The lack of legal security of space for the operation of the informal enterprises is a major problem which has resulted in poor marketing of goods and profitability. The rent seeking attitude of the government and the local government employees will have to be ended. The employability of the workers through training and skill formation will facilitate upward mobility. Like the rural employment guarantee programmes the urban areas also need to receive allocations for such initiatives.
How the exploitative roles of the business and labour contractors can be changed is a critical question
Though the recent reforms of labour codes say goodbye to the inspection raj in the organised/formal sector, how the exploitative roles of the business and labour contractors can be changed is a critical question. On the whole, both the rural non-farm and urban informal sectors will require special attention of the policy makers and for the post pandemic and lockdown period sincere efforts will have to pursued to develop these sectors and create potentiality for sustainable livelihood.
The recent labour reforms have a connection to the constitution of Second National Commission on Labour by Atal Bihar Vajpayee’s government in 1999. There are 44 Central laws and more than 100 state laws. About 100 changes were suggested by the committee of which 74 have been amended. The Centre plans to subsume 44 Central laws into four broad codes on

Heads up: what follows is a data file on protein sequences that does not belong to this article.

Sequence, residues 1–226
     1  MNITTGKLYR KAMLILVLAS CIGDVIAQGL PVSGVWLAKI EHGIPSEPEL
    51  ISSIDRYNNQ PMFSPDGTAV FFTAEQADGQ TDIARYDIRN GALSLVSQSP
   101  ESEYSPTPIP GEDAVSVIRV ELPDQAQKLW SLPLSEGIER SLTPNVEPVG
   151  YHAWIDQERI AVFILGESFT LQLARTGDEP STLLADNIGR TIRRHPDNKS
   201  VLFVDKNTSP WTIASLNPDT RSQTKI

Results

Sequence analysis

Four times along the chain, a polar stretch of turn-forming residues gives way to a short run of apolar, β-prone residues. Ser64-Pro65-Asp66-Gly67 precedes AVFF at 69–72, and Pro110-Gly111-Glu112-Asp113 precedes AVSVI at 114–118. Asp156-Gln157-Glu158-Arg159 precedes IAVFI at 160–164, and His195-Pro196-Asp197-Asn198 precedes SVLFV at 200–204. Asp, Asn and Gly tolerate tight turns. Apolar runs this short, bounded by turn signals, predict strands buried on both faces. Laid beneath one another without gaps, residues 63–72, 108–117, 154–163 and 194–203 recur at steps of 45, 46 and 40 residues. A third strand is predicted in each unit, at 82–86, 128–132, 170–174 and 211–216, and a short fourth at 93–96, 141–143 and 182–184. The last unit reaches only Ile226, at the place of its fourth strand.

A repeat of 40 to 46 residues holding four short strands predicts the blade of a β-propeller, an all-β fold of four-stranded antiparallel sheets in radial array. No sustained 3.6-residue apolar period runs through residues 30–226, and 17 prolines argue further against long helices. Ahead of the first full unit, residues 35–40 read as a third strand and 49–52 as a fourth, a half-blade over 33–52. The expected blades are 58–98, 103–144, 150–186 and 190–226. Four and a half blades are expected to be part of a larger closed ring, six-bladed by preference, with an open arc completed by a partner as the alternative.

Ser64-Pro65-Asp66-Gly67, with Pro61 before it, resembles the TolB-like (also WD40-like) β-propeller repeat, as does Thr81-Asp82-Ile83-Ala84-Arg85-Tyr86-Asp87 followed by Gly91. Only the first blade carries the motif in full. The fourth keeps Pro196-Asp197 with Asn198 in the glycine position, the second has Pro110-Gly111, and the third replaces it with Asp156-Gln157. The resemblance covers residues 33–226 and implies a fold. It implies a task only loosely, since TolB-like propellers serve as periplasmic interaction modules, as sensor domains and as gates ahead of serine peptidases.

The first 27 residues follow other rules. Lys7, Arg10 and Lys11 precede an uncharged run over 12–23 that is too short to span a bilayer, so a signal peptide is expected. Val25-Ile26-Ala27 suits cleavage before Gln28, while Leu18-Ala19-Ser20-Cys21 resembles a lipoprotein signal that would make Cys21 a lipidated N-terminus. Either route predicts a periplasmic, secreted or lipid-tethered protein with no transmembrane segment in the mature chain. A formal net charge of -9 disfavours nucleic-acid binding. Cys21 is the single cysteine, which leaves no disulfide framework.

1. wages;
  2. industrial relations (restriction on strikes, only units employing more than 300 workers will have to take permission from the government for retrenchment); 
  3. social security (reskilling fund to be used for reskilling of workers retrenched; National Social Security Board to recommend to the Central government for formulating schemes for different sections of unorganised sector workers, gig workers, platform workers; aggregators to contribute 1 to 2 per cent of the annual turnover); and
  4. occupational safety, health and working conditions (OSH): (migrant workers earning up to 18,000 a month will receive journey allowance etc. to be paid by the employers).
While a large number of practical problems are associated with each of these codes, some stand out sharply. For example, how the fourth code is to be implemented, what mechanisms will be at place to tackle the major deviations, what provisions will be made for dwelling conditions of the workers to improve, whether the slums will receive protective measures and amenities to lead a healthy life are some of the key questions.
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*Arup Mitra is Professor, Institute of Economic Growth, Delhi; Mayumi Murayama is Executive Vice President, Institute of Developing Economies, Japan External Trade Organisation (IDE-JETRO)

Comments

Anonymous said…
India will never change. The politician or the crony industrialist. The only way to change this entire story is if a law is enacted to put all employees on a hire and fire basis with no increment story or retirement benefits story. Then the country may realize the unemployment story of india. Then all workers - office or factory or farmers will work together for an employees benefit. Today the city based people think they are gods gift to mankind.